Even as the state is set to start the 2021-22 sugarcane crushing season in a month, mills in Maharashtra continue to hold more than 50 per cent of the unsold sugar stock in the country. Of the 90 lakh tonnes (lt) of opening stock available nationally, 47lt lies with mills in Maharashtra. Given that the state is expected to produce 112 lt of sugar, unsold inventory can once again be an irritant for the sugar industry in Maharashtra.
On Monday, the high-powered ministerial committee headed by Chief Minister Uddhav Thackeray decided to start the state’s 2021-22 crushing season on October 15. During the meeting, sugar commissioner Shekhar Gaikwad said the state is expected to crush 1096 lt of cane and produce 112 lt of sugar. Farmers in the state have taken crop over 12.32 lakh hectares of area, and 10 lakh tonnes of sugar is expected to be diverted for the production of ethanol.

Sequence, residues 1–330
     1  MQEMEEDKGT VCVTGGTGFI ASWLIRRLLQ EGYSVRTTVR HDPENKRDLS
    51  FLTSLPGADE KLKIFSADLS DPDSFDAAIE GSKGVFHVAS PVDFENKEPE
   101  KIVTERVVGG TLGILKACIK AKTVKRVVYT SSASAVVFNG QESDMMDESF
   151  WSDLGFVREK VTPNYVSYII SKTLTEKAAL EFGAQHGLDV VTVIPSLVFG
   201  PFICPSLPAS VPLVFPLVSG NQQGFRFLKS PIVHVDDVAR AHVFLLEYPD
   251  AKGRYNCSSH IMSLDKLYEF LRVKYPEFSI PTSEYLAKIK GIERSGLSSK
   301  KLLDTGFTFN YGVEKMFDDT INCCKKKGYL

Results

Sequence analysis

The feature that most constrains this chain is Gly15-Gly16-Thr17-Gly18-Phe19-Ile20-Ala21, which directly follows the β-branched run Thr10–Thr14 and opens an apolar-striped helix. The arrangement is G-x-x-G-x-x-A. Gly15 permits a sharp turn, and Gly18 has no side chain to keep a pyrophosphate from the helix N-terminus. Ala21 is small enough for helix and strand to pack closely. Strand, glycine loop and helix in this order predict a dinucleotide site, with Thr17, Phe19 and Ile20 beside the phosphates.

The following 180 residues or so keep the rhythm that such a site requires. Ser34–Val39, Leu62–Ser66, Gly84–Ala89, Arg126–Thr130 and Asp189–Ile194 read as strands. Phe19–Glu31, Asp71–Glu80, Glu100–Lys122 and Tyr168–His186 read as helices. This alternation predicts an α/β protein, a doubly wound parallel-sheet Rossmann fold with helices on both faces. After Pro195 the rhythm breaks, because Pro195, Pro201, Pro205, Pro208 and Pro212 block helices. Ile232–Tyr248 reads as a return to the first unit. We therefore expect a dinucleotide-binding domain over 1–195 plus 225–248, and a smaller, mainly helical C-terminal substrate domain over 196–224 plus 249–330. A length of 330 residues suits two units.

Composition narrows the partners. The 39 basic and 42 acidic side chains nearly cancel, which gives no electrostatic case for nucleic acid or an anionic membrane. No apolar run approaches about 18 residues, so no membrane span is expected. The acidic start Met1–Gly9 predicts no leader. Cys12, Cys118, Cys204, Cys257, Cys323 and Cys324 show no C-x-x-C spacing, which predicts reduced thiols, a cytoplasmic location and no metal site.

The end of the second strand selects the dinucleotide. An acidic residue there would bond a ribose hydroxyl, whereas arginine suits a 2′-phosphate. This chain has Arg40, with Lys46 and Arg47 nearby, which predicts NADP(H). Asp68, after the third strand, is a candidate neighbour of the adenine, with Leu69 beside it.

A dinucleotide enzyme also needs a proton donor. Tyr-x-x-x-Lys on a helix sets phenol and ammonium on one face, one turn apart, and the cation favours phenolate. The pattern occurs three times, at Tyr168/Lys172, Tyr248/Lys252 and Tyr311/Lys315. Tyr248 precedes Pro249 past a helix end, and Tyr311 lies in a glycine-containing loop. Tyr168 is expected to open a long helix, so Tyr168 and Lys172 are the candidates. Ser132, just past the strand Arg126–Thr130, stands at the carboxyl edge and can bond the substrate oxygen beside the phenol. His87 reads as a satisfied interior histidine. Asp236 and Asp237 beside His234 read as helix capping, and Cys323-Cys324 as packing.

Unlike other sugar-producing states, such as Karnataka, where the industry stakeholders decide on the start of the crushing season, in Maharashtra, it is the prerogative of the state government. Mills that start their operation before that day are liable to pay a fine of Rs 1,000 for each tonne of cane crushed.
As many as 193 mills in Maharashtra are expected to start the season this year. Last season, Maharashtra had crushed 1014 lt of cane and produced 106lt of sugar.
Unsold stock in Maharashtra can be a problem for mills but given the rare bull run in international markets, a slight increase in exports is expected, insiders said. Drought in Brazil had seen Indian sugar gaining traction with millers exporting sugar without the government subsidy also– Around 70 lt of sugar was exported of which 5-10 lt was without subsidy. Maharashtra was given a target of 18 lt of sugar for exports, which the state has met. Projections for the upcoming season talk of exports of around 20 lt of sugar from the state.
Bhairavnath Thombare, president of the Western India Sugar Mills Association (WISMA), said the industry leaders have appealed to their member mills to produce only raw sugar for the first three months. “This will help in exports and also ease the unsold burden on the sector,” he said. Mills should take steps to divert towards ethanol production and ensure they meet the targets set by the government, he added.